Alternatively, Figure 3 illustrates the trends in pricing for both pallet cants and railroad ties. The obvious difference is that pallet cant and tie prices, while showing some peaks and valleys, exhibit a general upward trend, with tie pricing always exceeding pallet cant pricing. The consistent upward trend was interrupted at the end of 2020 when all lumber related markets experienced wide swings in nominal pricing. One takeaway is that a degree of certainty in pallet cant and tie pricing, not seen in grade lumber, is evident. The question is how best to take advantage of this situation?

When the hardwood industry is mired in another down cycle for grade lumber, can hardwood sawmills offset some of the pain by producing railroad ties? The answer lies in better understanding how tie pricing can affect profitability for various combinations of log size (diameter) and clear faces.

The WVU Appalachian Hardwood Center (AHC) has, over the last decade plus, conducted over 60 sawmill studies throughout the Appalachian Region. These studies collected data on individual logs, where each log was measured and characterized according to a number of variables, including scaling diameter, length, scaling defects, as well as a number of other variables and then numbered on each end. The logs were then processed through the sawmill. Each board was graded and scaled, and the dimensions of each cant recorded, with all data being recorded by log number. The database contains over 4,600 logs of data.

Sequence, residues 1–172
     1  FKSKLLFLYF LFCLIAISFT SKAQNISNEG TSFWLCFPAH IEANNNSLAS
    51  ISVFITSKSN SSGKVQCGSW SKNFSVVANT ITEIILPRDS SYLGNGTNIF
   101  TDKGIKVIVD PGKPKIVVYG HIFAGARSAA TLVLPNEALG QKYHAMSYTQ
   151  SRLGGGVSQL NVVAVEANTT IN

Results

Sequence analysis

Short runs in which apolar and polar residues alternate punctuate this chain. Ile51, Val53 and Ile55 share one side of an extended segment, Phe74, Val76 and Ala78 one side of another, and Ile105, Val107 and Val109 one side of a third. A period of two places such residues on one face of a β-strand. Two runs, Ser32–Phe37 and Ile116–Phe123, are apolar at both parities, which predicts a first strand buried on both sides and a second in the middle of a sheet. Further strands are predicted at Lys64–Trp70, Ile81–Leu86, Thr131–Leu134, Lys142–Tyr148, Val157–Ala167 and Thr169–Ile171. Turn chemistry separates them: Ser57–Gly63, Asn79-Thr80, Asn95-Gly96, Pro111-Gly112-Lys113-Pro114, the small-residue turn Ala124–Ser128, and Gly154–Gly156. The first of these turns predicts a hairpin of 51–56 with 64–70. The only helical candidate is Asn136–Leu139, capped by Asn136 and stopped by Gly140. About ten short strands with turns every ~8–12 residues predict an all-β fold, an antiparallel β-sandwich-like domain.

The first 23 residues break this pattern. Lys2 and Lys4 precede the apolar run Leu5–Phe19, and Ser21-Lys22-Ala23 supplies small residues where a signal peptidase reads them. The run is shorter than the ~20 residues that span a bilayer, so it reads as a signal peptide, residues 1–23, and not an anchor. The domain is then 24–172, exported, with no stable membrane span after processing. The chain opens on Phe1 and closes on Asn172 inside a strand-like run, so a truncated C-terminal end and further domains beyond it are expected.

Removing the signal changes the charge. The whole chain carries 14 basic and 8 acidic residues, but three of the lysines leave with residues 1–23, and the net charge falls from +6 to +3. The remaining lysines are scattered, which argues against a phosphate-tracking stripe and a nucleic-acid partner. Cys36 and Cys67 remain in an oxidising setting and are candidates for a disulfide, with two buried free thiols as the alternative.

In collaboration with the Appalachian Hardwood Manufacturer’s Association, the AHC developed a set of Guidelines for Scaling and Grading of Hardwood Logs2 that are available for industry use. The following Grading Table (Figure 4) is contained in the aforementioned Guidelines. The grades are classified by scaling diameter and clear faces, with the proportion of Select & Better lumber used in assigning the grades. The applicable Select & Better proportions are listed at the bottom of Figure 4. For instance, a Prime grade log will have an estimated 55 percent or greater proportion of Select & Better lumber and a Grade 3 log will have less than 10 percent Select & Better lumber.